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Watery eyes

Watery eyes: Symptom — Overview covers definition, possible causes of excess tearing.

Definition

Watery eyes (epiphora) tear persistently or excessively.

Depending on the cause, watery eyes may clear up on their own. Self-care measures at home can help treat watery eyes, particularly if the cause is inflammation or dry eyes.

Causes

Watery eyes can be due to many factors and conditions.

In infants, persistent watery eyes, often with some matter, are commonly the result of blocked tear ducts. The tear ducts don't produce tears, but rather carry away tears, similar to how a storm drain carries away rainwater. Tears normally drain into your nose through tiny openings (puncta) in the inner part of the lids near the nose. In babies, the tear duct may not be fully open and functioning for the first several months of life.

In older adults, persistent watery eyes may occur as the aging skin of the eyelids sags away from the eyeball, allowing tears to accumulate and flow out.

Sometimes, excess tear production may cause watery eyes as well.

Allergies or viral infections (conjunctivitis), as well as any kind of inflammation, may cause watery eyes for a few days or so.

Medication causes

  • Chemotherapy drugs
  • Epinephrine
  • Eyedrops, especially echothiophate iodide and pilocarpine

Common causes

  • Allergies
  • Blepharitis (which is eyelid inflammation)
  • Blocked tear duct
  • Common cold
  • Corneal abrasion (scratch): First aid
  • Corneal ulcer
  • Dry eyes (caused by decreased production of tears)
  • Ectropion (a condition in which the eyelid turns outward)
  • Entropion (a condition in which the eyelid turns inward)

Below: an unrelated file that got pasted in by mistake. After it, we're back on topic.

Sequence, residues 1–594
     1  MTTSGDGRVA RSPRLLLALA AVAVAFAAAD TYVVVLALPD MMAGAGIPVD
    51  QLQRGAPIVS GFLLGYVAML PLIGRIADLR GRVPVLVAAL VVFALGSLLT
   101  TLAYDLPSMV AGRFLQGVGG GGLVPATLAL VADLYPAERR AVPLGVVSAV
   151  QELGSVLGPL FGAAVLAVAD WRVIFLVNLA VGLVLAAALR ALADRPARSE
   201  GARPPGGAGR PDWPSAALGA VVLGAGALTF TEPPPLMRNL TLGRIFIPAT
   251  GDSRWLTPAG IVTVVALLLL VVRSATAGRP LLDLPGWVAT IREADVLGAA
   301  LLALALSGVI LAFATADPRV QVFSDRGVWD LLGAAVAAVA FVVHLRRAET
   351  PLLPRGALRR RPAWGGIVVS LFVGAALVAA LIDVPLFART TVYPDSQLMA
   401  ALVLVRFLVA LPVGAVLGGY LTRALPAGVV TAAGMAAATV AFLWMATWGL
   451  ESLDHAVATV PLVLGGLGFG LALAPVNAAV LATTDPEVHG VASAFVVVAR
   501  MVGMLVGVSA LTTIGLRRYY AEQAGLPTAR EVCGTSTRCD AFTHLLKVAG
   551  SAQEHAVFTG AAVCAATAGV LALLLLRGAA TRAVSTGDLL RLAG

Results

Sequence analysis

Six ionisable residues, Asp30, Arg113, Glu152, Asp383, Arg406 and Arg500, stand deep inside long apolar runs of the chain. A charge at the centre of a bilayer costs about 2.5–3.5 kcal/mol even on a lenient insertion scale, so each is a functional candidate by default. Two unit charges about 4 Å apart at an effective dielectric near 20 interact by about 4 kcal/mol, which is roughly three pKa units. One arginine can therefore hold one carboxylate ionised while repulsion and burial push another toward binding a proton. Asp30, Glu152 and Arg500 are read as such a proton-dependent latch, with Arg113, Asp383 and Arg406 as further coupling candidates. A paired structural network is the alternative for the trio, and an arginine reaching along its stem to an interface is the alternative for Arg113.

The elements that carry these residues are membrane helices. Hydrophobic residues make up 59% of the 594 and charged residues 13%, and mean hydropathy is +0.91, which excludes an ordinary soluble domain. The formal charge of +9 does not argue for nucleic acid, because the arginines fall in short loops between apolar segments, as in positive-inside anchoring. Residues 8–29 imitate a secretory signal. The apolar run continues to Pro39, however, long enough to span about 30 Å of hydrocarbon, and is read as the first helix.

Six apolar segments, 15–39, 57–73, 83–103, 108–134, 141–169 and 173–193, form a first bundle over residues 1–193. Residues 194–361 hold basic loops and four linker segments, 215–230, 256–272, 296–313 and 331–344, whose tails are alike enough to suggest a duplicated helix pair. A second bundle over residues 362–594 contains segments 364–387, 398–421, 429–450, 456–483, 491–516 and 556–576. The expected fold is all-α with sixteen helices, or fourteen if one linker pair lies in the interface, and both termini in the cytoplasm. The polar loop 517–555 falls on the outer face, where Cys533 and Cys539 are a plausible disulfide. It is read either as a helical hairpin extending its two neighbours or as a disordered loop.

• Foreign object in the eye: First aid
  • Hay fever (allergic rhinitis)
  • Ingrown eyelash (trichiasis)
  • Keratitis (which is inflammation of the cornea)
  • Pink eye (conjunctivitis)
  • Stye (sty) (a red, painful lump near the edge of your eyelid)
  • Tear duct infection
  • Trachoma

Other causes

  • Bell's palsy
  • Blow to the eye or other eye injury
  • Burns
  • Chemical splash in the eye: First aid
  • Chronic sinusitis
  • Granulomatosis with polyangiitis
  • Inflammatory diseases
  • Radiation therapy
  • Rheumatoid arthritis
  • Sarcoidosis
  • Sjogren's syndrome
  • Stevens-Johnson syndrome
  • Surgery of the eye or nose
  • Tumors affecting the tear drainage system

When to see a doctor

Seek immediate medical attention if you have watery eyes with:

  • Reduced vision
  • Pain around your eyes
  • A foreign body sensation

Watery eyes may clear up on their own. If the problem results from dry eyes or eye irritation, you may find it helpful to use artificial tears or place warm compresses over your eyes for several minutes. If watery eyes persist, make an appointment with your doctor. If necessary, he or she may refer you to an eye doctor (ophthalmologist).

Last Updated: June 11th, 2022